Water detected in exoplanet atmosphere

A Saturn-like exoplanet may have up to three times as much water in its atmosphere as our ringed planet.

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An artist's impression of WASP-39b, a scorching exoplanet that orbits its Sun-like host star once every four days.
Credits: NASA, ESA, G. Bacon and A. Feild (STScI), and H. Wakeford (STScI/Univ. of Exeter

 

Evidence of water has been found in the atmosphere of a hot exoplanet located about 700 lightyears away.

The exoplanet, named WASP-39b, is about the same mass as Saturn, but may have up to three times as much water.

Because WASP-39b has so much more water than Saturn, it must have formed in a different way.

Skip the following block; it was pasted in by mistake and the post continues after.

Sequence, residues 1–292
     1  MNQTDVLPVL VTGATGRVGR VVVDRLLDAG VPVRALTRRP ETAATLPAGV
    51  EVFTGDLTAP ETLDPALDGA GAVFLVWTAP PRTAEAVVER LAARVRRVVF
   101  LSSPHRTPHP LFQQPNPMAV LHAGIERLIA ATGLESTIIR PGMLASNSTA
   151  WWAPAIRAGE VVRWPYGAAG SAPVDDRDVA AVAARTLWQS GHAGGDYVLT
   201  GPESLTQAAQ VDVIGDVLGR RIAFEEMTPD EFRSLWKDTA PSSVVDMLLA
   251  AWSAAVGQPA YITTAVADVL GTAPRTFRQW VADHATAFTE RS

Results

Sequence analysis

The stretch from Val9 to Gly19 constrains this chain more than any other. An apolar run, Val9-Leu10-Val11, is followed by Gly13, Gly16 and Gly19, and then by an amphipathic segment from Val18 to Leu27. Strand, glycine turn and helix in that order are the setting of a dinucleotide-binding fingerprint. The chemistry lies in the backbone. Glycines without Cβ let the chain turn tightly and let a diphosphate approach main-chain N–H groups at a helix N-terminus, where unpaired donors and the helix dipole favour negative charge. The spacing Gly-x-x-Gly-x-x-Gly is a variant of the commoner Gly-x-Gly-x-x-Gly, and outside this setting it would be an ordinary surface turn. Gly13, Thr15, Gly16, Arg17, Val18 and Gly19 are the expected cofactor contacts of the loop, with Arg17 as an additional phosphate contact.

The amount of water suggests that the planet formed far away from its host star, where it could have been bombarded by icy material.

It then may have migrated inwards towards the host star, WASP-39, to end up in a close orbit, 20 times closer than Earth is to the Sun.

 


Read more about exoplanets from BBC Sky at Night Magazine:


 

The team was able to split starlight that had passed through the exoplanet’s atmosphere, analyse it and find evidence of the presence of water.

The Hubble and Spitzer space telescopes were used to make the observations.

The astronomers hope that studying the exoplanet will help them learn more about how and where planets form around a star.

"We need to look outward so we can understand our own Solar System," says Hannah Wakeford of the Space Telescope Science Institute in Baltimore, lead investigator of the study.

"But exoplanets are showing us that planet formation is more complicated and more confusing than we thought it was. And that's fantastic!"

 


 

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